2. Deep Trouble for Harry (Case 63): An examination of the film Deep Throat and the way the pornographic film industry treats its performers. Can a principled free market exploit and abuse its artisans?
3. Super Strip (Case 64): An examination of how Warner Communications unfairly appropriated the original work of two struggling cartoonists and turned it into a fortune. What could these two powerless cartoonists do against the media giant?
4. Duct Tape for TV (Case 65): In the midst of diminishing returns for ABC, the television series Lost provided audiences with challenging, mind-soul entertainment. Will television networks be willing to continue producing shows such as Lost that probe the human condition if it means only average profit for investors?
5. The Lone Ranger and Tentpoles (Case 66): The Disney reboot of the legendary Texas Ranger is criticized while other sequels like Star Wars and James Bond films do well. Is there room anymore in Hollywood for an original story?
6. Faux Doc, Twice Baked (Case 67): An Oscar-winning documentary is criticized for making new footage look vintage and authentic. Do filmmakers have an obligation to help their audience distinguish between archival footage and reenactment?
IV. Media Scope and Depth (Ch. 16, p. 358)
A. Every medium of communication has an aesthetic scale—on one end are serious artists and on the other are those who simply want the product to be popular.
B. Media’s commercial base may lead entertainment fare to lean toward the “less serious” side of the scale. The result, in many cases, is that the complexity of human life is trivialized.
C. Between the demands of “art” and the “marketplace” lie a host of moral questions:
1. Must art be compromised when it passes from one medium to another?
2. Are stereotyped characters fair to real people?
3. How far should commercial concerns dictate cultural products?
4. What is a fair portrayal of a religious or ethnic character on television?
D. Cases in this chapter demonstrate the key issues and questions related to media scope and depth.
1. Reel History (Case 68): An examination of docudramas that blend historical fact with entertainment for box office success. Do the makers of docudrama operate under certain ethical obligations to tell the truth about history? What duty do they owe their audiences? What standards should we hold them accountable to?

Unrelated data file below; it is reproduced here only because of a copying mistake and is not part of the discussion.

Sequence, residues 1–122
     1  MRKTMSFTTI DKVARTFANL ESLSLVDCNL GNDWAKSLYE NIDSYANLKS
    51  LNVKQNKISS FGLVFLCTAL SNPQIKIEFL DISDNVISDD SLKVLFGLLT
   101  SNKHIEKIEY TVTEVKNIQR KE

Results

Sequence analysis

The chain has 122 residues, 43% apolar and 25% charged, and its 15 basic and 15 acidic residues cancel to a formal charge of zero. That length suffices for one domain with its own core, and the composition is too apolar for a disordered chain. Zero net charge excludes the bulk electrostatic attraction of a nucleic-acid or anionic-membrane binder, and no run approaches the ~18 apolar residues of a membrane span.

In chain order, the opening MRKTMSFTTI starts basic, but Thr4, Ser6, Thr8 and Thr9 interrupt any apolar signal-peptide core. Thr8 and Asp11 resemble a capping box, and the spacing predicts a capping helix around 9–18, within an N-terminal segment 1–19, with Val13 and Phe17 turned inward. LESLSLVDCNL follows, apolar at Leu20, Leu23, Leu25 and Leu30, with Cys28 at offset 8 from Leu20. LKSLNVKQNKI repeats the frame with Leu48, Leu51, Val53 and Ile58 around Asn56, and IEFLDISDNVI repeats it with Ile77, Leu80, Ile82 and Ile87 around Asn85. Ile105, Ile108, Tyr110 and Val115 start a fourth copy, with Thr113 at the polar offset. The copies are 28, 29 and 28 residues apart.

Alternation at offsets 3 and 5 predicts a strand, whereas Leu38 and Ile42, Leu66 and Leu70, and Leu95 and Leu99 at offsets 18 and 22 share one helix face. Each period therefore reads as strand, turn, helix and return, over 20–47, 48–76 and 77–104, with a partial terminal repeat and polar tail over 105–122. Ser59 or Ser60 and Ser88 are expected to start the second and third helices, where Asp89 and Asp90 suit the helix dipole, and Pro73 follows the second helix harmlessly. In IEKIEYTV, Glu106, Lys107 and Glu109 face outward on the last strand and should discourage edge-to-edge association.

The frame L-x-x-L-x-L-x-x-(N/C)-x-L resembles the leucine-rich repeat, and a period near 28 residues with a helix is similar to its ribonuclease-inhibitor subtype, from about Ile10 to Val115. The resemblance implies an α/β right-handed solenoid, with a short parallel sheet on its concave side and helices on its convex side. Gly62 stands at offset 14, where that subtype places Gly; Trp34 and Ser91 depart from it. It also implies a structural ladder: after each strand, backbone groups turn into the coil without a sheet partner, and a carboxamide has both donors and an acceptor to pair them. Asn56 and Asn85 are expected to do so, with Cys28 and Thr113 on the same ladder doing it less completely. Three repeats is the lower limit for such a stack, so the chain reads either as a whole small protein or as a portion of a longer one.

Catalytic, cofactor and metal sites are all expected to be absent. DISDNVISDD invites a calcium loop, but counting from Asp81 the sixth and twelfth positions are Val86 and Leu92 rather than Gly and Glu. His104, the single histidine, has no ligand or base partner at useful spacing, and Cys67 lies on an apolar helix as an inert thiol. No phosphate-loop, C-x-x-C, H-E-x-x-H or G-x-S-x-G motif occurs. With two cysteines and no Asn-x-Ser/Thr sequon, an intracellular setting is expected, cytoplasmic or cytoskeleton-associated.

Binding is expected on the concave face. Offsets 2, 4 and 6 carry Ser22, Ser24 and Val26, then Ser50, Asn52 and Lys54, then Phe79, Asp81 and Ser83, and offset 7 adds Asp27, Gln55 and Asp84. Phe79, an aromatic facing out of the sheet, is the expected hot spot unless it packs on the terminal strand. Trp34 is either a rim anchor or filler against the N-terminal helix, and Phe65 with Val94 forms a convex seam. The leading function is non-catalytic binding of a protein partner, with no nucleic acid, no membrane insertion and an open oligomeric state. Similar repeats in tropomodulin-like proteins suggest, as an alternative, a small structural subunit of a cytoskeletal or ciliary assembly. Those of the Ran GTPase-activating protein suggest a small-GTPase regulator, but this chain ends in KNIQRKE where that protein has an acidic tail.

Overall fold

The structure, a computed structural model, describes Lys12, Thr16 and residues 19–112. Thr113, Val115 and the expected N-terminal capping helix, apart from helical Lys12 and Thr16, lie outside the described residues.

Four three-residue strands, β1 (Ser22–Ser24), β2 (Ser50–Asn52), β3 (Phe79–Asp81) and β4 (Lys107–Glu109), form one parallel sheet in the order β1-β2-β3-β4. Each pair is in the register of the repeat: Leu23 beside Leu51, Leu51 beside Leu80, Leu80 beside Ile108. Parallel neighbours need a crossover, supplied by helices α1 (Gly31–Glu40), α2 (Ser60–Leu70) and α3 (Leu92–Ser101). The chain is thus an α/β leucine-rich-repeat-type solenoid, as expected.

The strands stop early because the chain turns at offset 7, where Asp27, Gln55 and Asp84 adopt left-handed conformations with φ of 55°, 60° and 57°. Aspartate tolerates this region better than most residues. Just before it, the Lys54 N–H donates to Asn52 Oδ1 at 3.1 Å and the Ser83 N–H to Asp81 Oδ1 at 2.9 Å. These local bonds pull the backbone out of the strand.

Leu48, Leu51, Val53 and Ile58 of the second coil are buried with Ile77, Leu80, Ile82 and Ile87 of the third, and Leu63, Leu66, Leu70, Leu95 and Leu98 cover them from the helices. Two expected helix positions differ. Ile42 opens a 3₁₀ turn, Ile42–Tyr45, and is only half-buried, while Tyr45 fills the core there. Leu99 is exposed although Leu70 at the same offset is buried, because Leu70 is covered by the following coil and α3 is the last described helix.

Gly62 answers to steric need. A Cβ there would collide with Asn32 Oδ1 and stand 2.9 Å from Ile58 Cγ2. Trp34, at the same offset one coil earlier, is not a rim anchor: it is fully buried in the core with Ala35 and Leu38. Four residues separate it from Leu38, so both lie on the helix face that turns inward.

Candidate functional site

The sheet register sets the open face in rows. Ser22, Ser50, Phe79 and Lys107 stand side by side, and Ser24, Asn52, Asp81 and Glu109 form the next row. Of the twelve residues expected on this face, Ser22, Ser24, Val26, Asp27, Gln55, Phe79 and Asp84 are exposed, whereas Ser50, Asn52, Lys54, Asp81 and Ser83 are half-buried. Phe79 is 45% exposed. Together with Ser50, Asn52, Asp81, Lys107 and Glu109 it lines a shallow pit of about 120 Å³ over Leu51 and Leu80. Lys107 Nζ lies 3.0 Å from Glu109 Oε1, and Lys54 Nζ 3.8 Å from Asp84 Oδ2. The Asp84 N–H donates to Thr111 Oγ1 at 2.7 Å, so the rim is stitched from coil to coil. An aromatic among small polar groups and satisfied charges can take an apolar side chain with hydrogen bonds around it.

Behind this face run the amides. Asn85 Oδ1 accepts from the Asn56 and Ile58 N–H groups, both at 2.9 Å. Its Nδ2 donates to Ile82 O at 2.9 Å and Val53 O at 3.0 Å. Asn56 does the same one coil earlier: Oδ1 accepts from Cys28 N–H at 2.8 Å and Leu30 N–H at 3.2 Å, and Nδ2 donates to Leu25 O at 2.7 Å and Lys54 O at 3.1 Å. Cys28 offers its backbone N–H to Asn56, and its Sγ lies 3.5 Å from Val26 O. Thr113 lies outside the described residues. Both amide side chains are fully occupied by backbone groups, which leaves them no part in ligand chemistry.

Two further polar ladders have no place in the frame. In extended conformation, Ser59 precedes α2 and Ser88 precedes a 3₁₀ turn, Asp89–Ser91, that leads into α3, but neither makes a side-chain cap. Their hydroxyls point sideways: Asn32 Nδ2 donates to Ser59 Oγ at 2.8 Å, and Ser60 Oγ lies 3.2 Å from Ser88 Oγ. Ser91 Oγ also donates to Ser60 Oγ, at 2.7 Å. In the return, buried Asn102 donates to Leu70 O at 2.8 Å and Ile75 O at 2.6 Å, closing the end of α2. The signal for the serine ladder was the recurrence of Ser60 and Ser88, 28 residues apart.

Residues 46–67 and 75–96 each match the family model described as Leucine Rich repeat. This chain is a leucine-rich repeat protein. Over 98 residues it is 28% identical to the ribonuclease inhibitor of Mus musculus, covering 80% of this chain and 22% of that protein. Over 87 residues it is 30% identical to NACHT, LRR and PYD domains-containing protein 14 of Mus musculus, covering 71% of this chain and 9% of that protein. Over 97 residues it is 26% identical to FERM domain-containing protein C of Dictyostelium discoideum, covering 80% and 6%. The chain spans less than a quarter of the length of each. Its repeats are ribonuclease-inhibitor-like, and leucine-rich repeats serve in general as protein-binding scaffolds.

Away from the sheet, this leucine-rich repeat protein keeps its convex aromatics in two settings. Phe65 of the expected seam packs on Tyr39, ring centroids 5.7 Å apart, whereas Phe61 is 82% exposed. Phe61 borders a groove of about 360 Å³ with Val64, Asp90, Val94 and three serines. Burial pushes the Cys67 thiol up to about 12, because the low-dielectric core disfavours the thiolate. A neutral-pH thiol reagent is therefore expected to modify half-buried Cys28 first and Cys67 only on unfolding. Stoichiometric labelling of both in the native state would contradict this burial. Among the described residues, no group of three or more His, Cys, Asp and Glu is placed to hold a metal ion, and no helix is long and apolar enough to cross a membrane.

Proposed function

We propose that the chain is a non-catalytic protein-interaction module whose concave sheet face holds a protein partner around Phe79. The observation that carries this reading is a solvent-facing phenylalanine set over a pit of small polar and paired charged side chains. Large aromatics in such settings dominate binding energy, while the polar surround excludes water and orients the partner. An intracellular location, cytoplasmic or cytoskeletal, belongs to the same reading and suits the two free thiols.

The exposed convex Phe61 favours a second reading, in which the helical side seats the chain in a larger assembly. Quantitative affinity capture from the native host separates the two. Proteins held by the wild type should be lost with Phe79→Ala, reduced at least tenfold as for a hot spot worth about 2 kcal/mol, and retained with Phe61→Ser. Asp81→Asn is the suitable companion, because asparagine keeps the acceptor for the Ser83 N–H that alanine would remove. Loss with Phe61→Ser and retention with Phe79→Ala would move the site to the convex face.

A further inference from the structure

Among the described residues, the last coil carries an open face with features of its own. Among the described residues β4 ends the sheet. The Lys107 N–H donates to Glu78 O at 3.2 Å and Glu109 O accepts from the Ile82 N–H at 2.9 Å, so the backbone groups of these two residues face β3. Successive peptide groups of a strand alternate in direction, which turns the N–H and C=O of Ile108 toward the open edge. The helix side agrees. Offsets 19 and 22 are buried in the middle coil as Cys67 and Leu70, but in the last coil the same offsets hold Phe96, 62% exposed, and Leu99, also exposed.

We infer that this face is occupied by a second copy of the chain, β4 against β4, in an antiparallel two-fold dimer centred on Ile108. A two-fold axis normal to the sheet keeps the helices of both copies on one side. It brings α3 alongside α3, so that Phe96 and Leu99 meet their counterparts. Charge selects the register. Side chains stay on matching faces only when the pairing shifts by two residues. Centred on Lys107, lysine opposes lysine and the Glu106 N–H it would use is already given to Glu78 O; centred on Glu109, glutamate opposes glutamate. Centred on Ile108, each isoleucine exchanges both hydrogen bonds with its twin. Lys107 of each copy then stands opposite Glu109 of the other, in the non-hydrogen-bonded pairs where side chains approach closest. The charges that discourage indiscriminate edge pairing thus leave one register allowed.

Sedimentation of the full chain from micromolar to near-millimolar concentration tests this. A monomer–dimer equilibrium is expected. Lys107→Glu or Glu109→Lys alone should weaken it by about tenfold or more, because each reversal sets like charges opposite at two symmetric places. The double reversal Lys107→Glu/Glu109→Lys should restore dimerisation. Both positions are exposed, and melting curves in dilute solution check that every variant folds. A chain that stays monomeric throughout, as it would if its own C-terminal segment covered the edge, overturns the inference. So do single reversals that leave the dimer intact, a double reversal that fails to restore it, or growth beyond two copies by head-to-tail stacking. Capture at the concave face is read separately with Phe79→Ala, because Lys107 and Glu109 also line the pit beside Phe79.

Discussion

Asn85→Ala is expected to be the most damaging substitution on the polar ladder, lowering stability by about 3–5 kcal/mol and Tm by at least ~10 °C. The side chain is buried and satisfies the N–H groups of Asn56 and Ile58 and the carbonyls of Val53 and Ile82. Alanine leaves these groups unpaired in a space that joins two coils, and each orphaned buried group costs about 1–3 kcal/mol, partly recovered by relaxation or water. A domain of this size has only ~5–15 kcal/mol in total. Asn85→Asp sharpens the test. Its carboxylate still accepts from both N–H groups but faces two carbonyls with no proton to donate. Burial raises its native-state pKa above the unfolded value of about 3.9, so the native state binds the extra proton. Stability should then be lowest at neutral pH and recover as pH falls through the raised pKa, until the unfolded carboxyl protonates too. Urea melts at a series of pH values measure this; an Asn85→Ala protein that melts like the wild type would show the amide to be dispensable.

2. They Call it Paradise (Case 69): An exploration of the ethical issues surrounding reality television programs. What special ethical guidelines accompany programming that seeks to display human frailty and incite sexual intimacy among non-scripted participants?
3. Tragedy Lite (Case 70): Roberto Benigni’s film Life is Beautiful portrays the relationship between a boy and his father at a Holocaust concentration camp. When re-creating painful, terrifying historical events, is the filmmaker under an ethical obligation to portray such events in ways that capture the fullness of their horror?
4. Training in Virtue (Case 71): Denzel Washington insists that his character in Training Day die at the end of the film. Does a media professional dare mix work, art and personal conviction?
V. Censorship (Ch. 17, p. 371)
A. Censorship, in its negative sense, speaks of tyranny of all kinds.
B. Great paradox in democratic theory: Liberty can never be absolute, censorship can never be absent. Liberty thus requires restraint in such areas as speech, which directly affects the entertainment industry.
C. The fundamental question is where do we draw the line between liberty and censorship as it relates to the entertainment media?
D. The Hutchins Commission on the Freedom of the Press explored this question. Ernest Hocking of Harvard University captured the commission’s struggle when he asked, “Are … thoughts all equally worthy of protection?”
E. Cases in this chapter demonstrate the key issues and questions related censorship.
1. The Voice of America (Case 72): An examination of rapper Eminem’s music, lyrics and influence on society. Do artists have an obligation to go beyond mere castigation and criticism of societal norms?
2. Frontal Assault (Case 73): This case examines how hate groups use the Internet to distribute their messages. Ethical issues related to censoring hate speech of all kinds in all venues are explored.
3. South Park’s 200th (Case 74): South Park’s irreverent treatment of religion and other traditionally sacred objects has been justified under freedom of speech. But is laughter at a neighbor’s expense morally justifiable? Do television producers have any moral obligations to respect audiences’ worldviews?
4. Rescue Us (Case 75): What ethical message do depictions of rape on late-night cable TV send to audiences? Is rape merely a way to add to the shock value of a show, or can it be part of a natural outworking of a complicated storyline?
5. Lyrics Not So Cool (Case 76): Interpretations of the Ice-T song “Cop Killer” are evaluated. How free is an artist to direct anger towards someone easily recognizable?